Heritage Society

A new project will document the iconic ‘messbaris’ or boarding houses of Kolkata

The colonial-era Central Calcutta Boarding House with its beautiful cast-iron railings.   | Photo Credit: Rajeev Bhatt

Ruby Boarding House on Kolkata’s Sitaram Ghosh Street is large, with a narrow entrance and a balustrade that runs along a row of small rooms facing a square inner courtyard. At the entrance is a signboard with room numbers on it. A young man in a blue tee and cargo shorts looks at us curiously across the courtyard; then introduces himself as Wasim Akram. He is studying for the West Bengal Civil Service exams, and shares his small room with Badiuzzaman from Malda and Sheikh Samsul Islam from Howrah. A row of washing hangs from a rope strung across the room, and a tiny veranda faces the street.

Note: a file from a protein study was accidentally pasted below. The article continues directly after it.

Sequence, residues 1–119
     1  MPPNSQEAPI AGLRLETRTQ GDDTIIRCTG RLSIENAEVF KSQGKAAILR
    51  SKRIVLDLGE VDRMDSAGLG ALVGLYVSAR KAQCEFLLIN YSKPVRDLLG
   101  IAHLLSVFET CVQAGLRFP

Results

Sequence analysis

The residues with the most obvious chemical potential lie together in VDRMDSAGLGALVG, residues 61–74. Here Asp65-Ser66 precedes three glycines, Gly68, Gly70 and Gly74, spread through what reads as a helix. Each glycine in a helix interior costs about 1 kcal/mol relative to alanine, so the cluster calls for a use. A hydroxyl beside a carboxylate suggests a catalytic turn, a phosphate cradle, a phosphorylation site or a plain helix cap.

Ruby Boarding House is a messbari. The Benglish phrase refers to the many, hugely popular boarding houses that sprang up all around Kolkata’s College Street in the 19th and mid-20th century — equivalents of today’s working men’s hostels. By the early 1900s, they were housing and feeding thousands of young men who had come to the big city in search of jobs and education.

They were an indelible part of the cityscape of North Kolkata for more than a century. From Tagore’s Kalipada, Bibhutibhushan’s Apu and Sharadindu’s Byomkesh in literature, to Basanta Bilap and Sharey Chuattor in cinema, Bengali popular culture is replete with depictions of messbari life.

On the decline

Housed in colonial-era buildings with their long, slatted Venetian windows, exquisite cast-iron stairs and railings, beautiful courtyards and columns, the messbaris and the life they represent is firmly on the decline. Young men no longer want to live in these ramshackle places, and the few that function too will soon be gone.

Ruby Boarding House has slatted Venetian windows and exquisite cast-iron stairs.

Ruby Boarding House has slatted Venetian windows and exquisite cast-iron stairs.   | Photo Credit: Rajeev Bhatt